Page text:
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IN THE MIDST OF LIFE WE ARE IN DEATH: Death is not an easy subject to discuss, says Trevor Laffan. Picture: iStock
IN THE MIDST OF LIFE WE ARE IN DEATH: Death is not an easy subject to discuss, says Trevor Laffan. Picture: iStock
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I’m in awe of those facing death who keep calm and carry on

DEATH is something that comes to us all and even though we can’t avoid it, it’s not a subject we like to talk about.

Thankfully, I have no idea of what it’s like to die, and I have never been told that the end is near either, but since it’s inevitable, maybe we should put more of an effort into preparing ourselves for that kind of news.

I will have to face that prospect at some point, but I’m fine for now and not in any great hurry to be told that I have an appointment with the Grim Reaper.

I have, however, been in the company of people who have received bad news and while it’s a serious situation for them, being a spectator is an uncomfortable place to be as well.

I have no idea how I would react to that prognosis, but I doubt that I would cope as bravely as some, and I include my own family members in that list.

A friend of mine, Deena Walsh, died a few years ago. She knew she was terminally ill and she was prepared for what lay ahead of her, but she put up an amazing fight. Even when she knew there was nothing more that could be done for her, she remained calm and good humoured. She was very practical about what was to come, and she made sure she was prepared.

One day, she asked me if I would deliver her eulogy when the time came. This was a first for me and it shook me a bit.

She told me she was going to be cremated and she wanted me to say something in the crematorium. She also said that I had to make the congregation laugh and if I didn’t achieve that, I would have failed her. No pressure.

That’s not an easy discussion to have with someone, but she made it seem like an everyday, normal chat. The idea that I had to deliver a light-hearted eulogy to her grieving friends and family in a crematorium was setting a challenge, but she thought it was great.

We were driving to the CUH another day and she turned to me and, without batting an eyelid, she asked me how the eulogy was coming along. I told her to stop talking and I tried to change the topic of conversation, but she wouldn’t have it.

She told me that I should get a move on because time was running out.

What do you say to someone in that situation?

When we arrived at the hospital, a staff member she had come to know, greeted her and asked her how she was getting on?

In typical Deena fashion, she said; “Well, considering that I’m dying, I’m not too bad I suppose.”

Deena showed amazing courage in the way she dealt with her prognosis and I have no idea how she managed it.

My father, mother and sister were also strong and calm in how they coped with the news of their impending deaths, which suggests to me that there is a kind of acceptance that comes over people, which should be reassuring for the rest of us who have yet to travel that road.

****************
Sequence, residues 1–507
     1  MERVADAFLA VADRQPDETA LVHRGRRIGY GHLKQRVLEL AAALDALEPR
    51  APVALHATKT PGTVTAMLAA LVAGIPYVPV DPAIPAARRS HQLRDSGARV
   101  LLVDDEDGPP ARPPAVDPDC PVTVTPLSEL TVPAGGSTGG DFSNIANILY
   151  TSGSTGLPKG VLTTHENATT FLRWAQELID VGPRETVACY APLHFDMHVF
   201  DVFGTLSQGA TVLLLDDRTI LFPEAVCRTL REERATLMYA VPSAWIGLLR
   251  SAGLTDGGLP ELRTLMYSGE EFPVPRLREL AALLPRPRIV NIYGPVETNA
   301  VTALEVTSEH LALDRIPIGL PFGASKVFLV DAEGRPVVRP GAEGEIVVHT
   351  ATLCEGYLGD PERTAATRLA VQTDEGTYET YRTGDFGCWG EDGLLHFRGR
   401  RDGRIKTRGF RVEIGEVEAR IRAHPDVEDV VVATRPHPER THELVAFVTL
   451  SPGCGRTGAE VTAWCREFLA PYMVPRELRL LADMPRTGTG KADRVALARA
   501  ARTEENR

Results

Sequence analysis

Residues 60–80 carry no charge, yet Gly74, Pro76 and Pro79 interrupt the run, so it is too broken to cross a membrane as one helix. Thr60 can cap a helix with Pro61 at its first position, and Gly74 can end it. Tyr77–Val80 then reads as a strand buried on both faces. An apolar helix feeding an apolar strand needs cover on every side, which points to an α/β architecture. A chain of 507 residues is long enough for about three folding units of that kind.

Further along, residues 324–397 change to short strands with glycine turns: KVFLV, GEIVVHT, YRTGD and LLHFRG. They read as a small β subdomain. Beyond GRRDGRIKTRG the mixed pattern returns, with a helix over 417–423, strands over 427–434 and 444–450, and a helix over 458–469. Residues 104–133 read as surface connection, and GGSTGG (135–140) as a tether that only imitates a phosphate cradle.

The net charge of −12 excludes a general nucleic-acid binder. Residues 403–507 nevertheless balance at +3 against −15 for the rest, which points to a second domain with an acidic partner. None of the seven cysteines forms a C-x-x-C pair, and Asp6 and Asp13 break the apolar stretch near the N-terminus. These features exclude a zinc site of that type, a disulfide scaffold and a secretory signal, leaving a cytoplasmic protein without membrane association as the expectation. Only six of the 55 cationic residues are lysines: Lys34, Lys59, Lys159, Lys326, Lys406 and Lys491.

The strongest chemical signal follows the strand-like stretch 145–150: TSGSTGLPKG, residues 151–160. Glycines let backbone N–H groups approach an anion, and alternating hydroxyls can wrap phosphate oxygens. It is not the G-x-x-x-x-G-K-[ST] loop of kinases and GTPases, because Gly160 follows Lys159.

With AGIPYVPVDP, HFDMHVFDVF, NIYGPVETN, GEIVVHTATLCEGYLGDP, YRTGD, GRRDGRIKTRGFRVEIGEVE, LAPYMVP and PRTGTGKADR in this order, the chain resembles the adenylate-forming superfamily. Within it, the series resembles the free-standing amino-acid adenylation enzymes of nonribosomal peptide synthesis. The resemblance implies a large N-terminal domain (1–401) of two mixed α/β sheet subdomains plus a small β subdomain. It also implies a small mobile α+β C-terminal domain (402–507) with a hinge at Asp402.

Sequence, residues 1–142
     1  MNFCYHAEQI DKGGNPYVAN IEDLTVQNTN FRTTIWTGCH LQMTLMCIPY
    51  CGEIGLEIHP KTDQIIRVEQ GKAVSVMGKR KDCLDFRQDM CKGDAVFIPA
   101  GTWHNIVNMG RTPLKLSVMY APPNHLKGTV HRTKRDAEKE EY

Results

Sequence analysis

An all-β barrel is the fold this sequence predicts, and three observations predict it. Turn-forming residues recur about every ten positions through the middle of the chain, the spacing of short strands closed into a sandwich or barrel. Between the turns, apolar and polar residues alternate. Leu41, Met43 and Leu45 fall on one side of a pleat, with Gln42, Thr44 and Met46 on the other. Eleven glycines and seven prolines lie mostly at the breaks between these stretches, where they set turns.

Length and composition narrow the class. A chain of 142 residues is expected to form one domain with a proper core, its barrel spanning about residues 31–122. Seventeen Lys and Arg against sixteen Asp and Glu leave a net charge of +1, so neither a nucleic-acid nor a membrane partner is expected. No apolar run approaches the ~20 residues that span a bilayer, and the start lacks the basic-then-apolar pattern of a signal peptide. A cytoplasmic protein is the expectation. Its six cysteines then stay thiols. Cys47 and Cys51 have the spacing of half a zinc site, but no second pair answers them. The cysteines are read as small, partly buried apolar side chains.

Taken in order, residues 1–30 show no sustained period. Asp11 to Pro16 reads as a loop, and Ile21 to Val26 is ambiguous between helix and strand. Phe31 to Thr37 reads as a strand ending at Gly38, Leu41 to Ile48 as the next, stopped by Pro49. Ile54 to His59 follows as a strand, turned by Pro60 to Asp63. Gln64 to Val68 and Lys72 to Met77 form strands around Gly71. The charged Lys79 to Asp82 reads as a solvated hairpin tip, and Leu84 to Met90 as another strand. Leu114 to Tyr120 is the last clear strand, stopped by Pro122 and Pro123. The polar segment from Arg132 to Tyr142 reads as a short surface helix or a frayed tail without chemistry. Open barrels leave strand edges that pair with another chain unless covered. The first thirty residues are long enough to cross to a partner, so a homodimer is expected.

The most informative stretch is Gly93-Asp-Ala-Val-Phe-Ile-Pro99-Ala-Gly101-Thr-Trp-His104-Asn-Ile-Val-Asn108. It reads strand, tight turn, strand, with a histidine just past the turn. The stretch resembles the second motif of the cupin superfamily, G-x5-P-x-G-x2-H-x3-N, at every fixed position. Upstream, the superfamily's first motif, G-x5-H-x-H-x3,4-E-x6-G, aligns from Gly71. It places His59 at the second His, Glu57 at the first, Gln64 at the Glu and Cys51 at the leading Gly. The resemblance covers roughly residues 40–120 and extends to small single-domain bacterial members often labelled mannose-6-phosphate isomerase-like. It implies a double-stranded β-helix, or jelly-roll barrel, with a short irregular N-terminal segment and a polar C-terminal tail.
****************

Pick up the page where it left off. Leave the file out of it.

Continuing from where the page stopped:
But, while receiving that news is difficult, delivering it can’t be easy either — although the doctors I saw in action on each occasion, did a great job. They were very compassionate and patient but got the message across at the same time.

Breaking news to a family member of the death of a loved one is something I do have experience of and that’s not easy either.

There was a story that was regularly told to young gardaí as an example of how not to break bad news to a family.

The scene was somewhere on the west coast of Ireland. There had been an accident at sea and a small craft sank with the loss of all hands. The local garda in a small village was sent up to break the news to a local woman that her husband was missing, presumed drowned.

A storm was raging, and the rain was pouring down while the wind was howling. When he got to the house he was banging on the front door, but there was no reply. Just as he was about to give up and leave, an elderly lady opened an upstairs window and stuck her head out.

The garda asked her a couple of times if she was Mrs Quinn, but she couldn’t hear him above the noise of the wind.

So, he cupped his hands over his mouth and shouted up to her. 

“Are you the widow Quinn?” he asked.

“Indeed, I’m not,” she said. “My husband’s at sea.”

The garda shouted back up to her: “Well if he is, he’s at the bottom of it.”

The first guy who told me this story swore it was true. Since then, many more have claimed to have been present on the night and witnessed it, in which case there must have been some crowd standing outside that window.

I found myself in similar situations during my previous life, but I like to think that I handled them a bit better.

There’s no easy way to break that kind of news to somebody. It’s going to hurt whatever way you go about it, but you do your best and try to be as sensitive as possible.

The sight of a garda coming up the driveway can be unnerving at the best of times, and I was always aware that simply calling to a house to ask for directions could cause heart failure for the occupants.

Delivering bad news doesn’t get any easier, no matter how many times you do it.

Death is not an easy subject.